Apple Developing 32-Core Processor For High-End Macs, Expected in Late 2021
Following the release of its M1 chip, Apple is planning to develop and release a series of ambitiously powerful new chips for the new year.
Currently, Apple’s first in-house processor sports eight cores and released with fairly positive responses. Bloomberg reports that Apple is working to follow up the M1 chip with a series of processors that could outperform Intel’s silicon. According to sources familiar with the matter, Apple is testing a chip designed with 16 power cores and four efficiency cores. However, depending on mass production constraints, the company may opt for eight or 12 cores.
Additionally, the company is testing silicon with as many as 32 high-performance cores. If development goes the way the company intends, the new chips could perform better than the fastest from Intel. This would be another milestone in Apple’s transition away from Intel processors. The company has already outlined that it wishes to complete the transition by 2022.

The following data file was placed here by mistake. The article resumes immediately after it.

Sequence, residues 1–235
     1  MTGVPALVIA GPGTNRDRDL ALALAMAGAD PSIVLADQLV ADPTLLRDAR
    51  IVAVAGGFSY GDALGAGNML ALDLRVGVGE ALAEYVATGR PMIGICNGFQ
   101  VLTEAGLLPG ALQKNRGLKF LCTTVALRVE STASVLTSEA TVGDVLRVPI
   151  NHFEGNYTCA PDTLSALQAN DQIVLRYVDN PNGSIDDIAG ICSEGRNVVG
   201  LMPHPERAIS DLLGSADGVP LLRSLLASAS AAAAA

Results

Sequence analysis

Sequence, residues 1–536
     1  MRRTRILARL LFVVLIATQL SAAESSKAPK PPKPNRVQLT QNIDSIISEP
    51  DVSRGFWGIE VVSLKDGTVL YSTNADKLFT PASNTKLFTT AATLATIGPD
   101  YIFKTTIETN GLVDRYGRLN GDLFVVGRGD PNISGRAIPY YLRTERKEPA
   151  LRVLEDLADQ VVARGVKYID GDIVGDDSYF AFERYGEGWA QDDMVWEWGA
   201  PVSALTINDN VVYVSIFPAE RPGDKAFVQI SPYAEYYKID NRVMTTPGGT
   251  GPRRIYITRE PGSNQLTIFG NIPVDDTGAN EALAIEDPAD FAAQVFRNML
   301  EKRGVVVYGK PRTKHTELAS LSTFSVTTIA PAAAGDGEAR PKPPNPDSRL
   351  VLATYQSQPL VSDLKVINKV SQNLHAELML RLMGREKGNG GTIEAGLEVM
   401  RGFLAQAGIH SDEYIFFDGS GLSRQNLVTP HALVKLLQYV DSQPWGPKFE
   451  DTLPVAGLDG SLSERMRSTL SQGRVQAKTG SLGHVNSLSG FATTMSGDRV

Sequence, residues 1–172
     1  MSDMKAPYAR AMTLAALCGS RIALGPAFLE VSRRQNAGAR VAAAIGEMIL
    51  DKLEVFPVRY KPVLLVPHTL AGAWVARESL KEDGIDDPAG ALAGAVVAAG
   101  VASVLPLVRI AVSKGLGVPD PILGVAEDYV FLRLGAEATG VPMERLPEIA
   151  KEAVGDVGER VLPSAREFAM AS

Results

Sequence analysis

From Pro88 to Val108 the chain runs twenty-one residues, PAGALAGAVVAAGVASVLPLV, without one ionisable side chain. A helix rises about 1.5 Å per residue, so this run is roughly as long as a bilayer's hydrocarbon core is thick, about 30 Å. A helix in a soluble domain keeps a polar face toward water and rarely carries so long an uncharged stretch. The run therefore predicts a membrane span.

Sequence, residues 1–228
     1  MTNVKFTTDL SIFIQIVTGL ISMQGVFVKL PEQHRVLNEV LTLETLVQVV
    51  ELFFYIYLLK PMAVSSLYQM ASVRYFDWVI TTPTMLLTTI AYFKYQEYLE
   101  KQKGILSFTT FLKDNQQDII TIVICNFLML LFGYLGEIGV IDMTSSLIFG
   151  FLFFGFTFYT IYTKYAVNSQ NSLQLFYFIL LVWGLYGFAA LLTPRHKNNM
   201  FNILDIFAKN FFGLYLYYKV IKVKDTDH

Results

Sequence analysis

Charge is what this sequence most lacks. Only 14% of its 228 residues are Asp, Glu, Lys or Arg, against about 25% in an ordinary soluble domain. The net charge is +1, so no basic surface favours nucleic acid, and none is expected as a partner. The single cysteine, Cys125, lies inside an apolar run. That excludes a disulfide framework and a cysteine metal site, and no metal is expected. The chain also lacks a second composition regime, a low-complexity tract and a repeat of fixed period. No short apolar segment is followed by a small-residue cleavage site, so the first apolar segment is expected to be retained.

In November, Apple released a series of devices utilizing the new M1 chip. A MacBook Pro, MacBook Air, and Mac Mini all released last month. The latest report states that Apple will be releasing higher-end desktop computers in late 2021 with the new chip. Additionally, a half-sized MacBook Pro is reported to be in development with a tentative release of 2022.
Apple is also conducting tests on higher-end graphics upgrades. The company is experimenting with 64 and 128 cores positioned for its priciest machines. Compared to Nvidia and AMD graphics modules with its Intel-based products, Apple’s chips could be significantly faster if properly implemented. The new GPUs are being developed to release in late 2021 or 2022.
Apple’s development plans are ambitious, to say the least. However, to fully commit to transitioning away from Intel’s processors, the company will have to finalize a good balance of lower-end silicon while providing unparalleled options for those investing in high-end laptops and desktop machines.